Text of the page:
Effects of Cellulose Synthase (cesa) Mutations on Catalytic Activity, Cell Wall Structure, and Isoform Expression Profile

Open Access
Russo, Daniel Alexander
Area of Honors:
Biochemistry and Molecular Biology
Bachelor of Science
Document Type:
Thesis Supervisors:
  • Ming Tien, Thesis Supervisor
  • Craig Eugene Cameron, Honors Advisor
  • Scott Brian Selleck, Faculty Reader
  • Site-directed Mutagenesis
  • Cellulose synthase
  • CesA
  • Cellulose
  • Molecular Biology
  • GUS
  • Gene Expression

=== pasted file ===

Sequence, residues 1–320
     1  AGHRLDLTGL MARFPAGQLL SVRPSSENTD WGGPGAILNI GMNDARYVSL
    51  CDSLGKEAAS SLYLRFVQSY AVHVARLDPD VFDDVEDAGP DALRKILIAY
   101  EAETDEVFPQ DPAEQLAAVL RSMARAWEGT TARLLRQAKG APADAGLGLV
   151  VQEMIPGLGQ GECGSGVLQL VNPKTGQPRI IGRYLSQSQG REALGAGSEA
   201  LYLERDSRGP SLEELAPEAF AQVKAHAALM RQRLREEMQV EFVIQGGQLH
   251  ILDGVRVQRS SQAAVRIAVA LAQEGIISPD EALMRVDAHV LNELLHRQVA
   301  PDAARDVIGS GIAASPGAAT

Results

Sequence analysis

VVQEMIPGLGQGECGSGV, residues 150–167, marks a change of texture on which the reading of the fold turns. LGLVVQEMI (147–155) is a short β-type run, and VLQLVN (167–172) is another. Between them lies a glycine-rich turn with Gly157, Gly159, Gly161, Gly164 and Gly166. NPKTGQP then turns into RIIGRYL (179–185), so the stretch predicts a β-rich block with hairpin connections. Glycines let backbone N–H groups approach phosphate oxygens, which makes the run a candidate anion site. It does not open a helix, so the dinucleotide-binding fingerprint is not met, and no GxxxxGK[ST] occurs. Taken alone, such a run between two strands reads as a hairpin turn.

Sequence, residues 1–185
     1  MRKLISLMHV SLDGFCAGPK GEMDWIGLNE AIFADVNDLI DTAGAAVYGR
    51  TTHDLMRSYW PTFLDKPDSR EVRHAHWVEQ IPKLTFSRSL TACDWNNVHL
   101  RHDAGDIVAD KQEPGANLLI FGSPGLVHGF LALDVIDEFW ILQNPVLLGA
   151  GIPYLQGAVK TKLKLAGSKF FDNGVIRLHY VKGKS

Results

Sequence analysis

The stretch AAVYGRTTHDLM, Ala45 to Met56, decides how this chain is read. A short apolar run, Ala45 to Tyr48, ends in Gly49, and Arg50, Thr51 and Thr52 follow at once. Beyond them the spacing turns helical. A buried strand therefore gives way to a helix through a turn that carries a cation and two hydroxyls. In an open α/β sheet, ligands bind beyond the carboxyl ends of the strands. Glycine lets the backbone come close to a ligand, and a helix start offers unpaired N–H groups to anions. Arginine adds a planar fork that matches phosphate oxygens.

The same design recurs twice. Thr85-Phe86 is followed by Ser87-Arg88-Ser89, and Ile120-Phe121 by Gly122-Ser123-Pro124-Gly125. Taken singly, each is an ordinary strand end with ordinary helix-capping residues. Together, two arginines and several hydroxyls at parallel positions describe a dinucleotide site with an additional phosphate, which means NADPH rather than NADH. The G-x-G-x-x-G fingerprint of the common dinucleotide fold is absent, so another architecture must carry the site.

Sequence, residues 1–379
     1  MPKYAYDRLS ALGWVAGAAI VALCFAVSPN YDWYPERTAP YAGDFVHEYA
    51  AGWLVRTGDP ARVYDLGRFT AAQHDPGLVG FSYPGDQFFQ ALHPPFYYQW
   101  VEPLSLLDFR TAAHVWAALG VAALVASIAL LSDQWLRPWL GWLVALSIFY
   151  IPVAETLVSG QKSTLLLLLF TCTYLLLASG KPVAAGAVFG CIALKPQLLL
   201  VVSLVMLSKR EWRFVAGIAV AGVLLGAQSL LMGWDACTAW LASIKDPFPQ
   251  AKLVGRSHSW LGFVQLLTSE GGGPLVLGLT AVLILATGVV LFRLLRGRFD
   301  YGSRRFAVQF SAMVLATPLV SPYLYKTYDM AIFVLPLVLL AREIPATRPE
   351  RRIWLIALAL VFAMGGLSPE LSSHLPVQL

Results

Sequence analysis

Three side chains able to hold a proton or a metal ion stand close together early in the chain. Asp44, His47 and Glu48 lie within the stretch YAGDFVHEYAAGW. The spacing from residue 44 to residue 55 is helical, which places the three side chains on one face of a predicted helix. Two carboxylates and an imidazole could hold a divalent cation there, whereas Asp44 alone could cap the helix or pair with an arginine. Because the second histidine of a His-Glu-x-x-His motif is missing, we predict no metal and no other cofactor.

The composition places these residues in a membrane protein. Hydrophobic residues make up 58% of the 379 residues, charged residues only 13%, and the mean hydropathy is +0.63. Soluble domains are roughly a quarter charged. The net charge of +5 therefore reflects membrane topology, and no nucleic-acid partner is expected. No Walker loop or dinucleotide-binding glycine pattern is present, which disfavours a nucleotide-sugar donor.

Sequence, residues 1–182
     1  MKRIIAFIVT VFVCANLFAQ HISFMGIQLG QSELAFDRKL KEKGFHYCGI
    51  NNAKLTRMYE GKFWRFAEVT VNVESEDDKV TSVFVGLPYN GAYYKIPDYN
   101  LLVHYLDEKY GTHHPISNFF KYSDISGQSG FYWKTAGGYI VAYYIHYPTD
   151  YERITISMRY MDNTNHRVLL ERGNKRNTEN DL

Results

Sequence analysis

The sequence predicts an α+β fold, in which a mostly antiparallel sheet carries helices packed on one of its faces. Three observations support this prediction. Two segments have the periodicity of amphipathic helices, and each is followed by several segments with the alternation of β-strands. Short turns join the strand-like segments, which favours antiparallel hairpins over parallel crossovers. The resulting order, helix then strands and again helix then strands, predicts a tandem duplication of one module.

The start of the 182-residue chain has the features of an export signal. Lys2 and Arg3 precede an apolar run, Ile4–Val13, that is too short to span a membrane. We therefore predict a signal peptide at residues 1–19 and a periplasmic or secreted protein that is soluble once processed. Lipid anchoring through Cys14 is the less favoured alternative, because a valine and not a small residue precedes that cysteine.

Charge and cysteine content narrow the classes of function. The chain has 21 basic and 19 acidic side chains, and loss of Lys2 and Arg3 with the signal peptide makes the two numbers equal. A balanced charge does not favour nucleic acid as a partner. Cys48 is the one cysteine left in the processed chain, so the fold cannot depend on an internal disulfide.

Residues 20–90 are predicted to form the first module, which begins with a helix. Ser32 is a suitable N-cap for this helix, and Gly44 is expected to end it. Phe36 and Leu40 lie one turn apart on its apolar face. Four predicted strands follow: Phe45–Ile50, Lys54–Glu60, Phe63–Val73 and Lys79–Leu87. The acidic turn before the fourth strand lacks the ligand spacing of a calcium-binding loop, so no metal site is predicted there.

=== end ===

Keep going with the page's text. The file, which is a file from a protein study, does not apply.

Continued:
In higher plants, cellulose is thought to be produced by cellulose synthase (CesA)-containing complexes. In Arabidopsis thaliana, there are 10 CesA isoforms. Six of these isoforms (1, 3, 4, 6, 7, and 8) have been observed within one of two complexes: the primary cell wall CSC (1, 3, 6) and the secondary cell wall CSC (4, 7, 8), however the CesA stoichiometry within these complexes is currently unknown. This study seeks to determine the individual contribution of CesA 4, 7, & 8 catalytic activity on the structure of the secondary cell wall. Catalytically inactivated CesAs were developed using site-directed mutagenesis of a key aspartate residue in each. These mutant genes were then used to complement CesA knockout plants. Spectroscopic analysis of the resultant cell wall structures should yield insight into the number and arrangement of CesA 4, 7, & 8 in the secondary cell wall cellulose synthesis complex. Additionally, this research plans to address the effect of various CesA mutations on the expression patterns of the remaining isoforms. The CesA promoters were each cloned upstream of the beta-glucuronidase (GUS) gene to create a reporter system. These constructs are then to be introduced into a range of different mutant Arabidopsis lines. GUS staining of these lines will reveal any modulation in CesA expression caused by each background mutation, leading to better understanding of the role of each of the 10 CesA isoforms. Currently, the CesA4 and CesA7 reporters are ready for plant transformation and the other reporters are currently in construction.